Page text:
Over a quarter of children under 10 have been bullied over their weight, fuelling a dieting epidemic affecting those as young as seven, a study has revealed.
The survey of 1,000 young people aged seven to 18 found that 28% of children under 10 have been bullied over their weight. As many as 40% of this age group admit to worrying about their size with a quarter considering themselves overweight.
Some 37% of under-10s weigh themselves regularly while almost a quarter admit they have been on a diet in the past year. More than one in four (26%) say they have even skipped a meal in the hope of losing weight.
The poll reveals that bullying as well as the pressures of living in a body-obsessed culture are driving children to take extreme measures to tackle their weight anxieties, rather than a healthy approach of eating a balanced diet and exercising regularly.
Over a third (38%) of children under 10 say they are influenced by a “diet obsessed society”.
The findings become increasingly stark as the children get older and body anxieties intensify. As many as 44% of the 11-13 age group say they have been the victim of bullying over their size.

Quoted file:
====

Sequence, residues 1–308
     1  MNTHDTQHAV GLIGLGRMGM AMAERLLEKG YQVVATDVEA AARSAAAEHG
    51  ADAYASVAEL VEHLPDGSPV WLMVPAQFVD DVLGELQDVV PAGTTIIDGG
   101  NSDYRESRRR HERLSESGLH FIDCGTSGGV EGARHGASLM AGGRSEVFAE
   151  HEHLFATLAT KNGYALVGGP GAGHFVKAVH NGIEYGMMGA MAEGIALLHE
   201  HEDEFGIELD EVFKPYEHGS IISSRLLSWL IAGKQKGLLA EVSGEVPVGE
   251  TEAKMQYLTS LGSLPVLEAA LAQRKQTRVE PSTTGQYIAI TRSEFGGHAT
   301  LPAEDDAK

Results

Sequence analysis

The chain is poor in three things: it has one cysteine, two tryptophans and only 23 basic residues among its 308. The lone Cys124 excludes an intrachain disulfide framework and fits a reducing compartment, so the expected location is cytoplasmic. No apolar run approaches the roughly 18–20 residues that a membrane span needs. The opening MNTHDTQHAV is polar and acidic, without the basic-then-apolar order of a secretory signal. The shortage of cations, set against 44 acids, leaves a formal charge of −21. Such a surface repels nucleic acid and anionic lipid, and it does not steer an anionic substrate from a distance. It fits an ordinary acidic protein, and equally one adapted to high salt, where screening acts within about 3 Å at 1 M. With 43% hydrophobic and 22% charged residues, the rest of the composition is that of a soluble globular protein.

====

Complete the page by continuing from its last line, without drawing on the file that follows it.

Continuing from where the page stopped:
Some 61% of this group confess they worry about their weight while 45% have been on a diet and over three quarters (77%) weigh themselves regularly.
Of all the children surveyed one in seven say they are on a constant diet. More than one in four admit they have even visited anorexia websites with 5% doing so on a regular basis.
More than half have heard of people making themselves sick after eating to lose weight while 16% think laxatives are an effective way to lose weight.
The survey by Onepoll and Youngpoll also revealed that more than half of girls want to be a size 10 or smaller when they are older.
Despite the growing obsession with diets among children, obesity rates continue to soar. Last month the NHS revealed that over a third of children aged 10 and 11 are overweight or obese when they leave primary school, reinforcing the notion that a healthy approach to diet and exercise is essential.
The survey was commissioned for the programme, Dying To Be Thin: Tonight, which was aired last night (4 January 2012).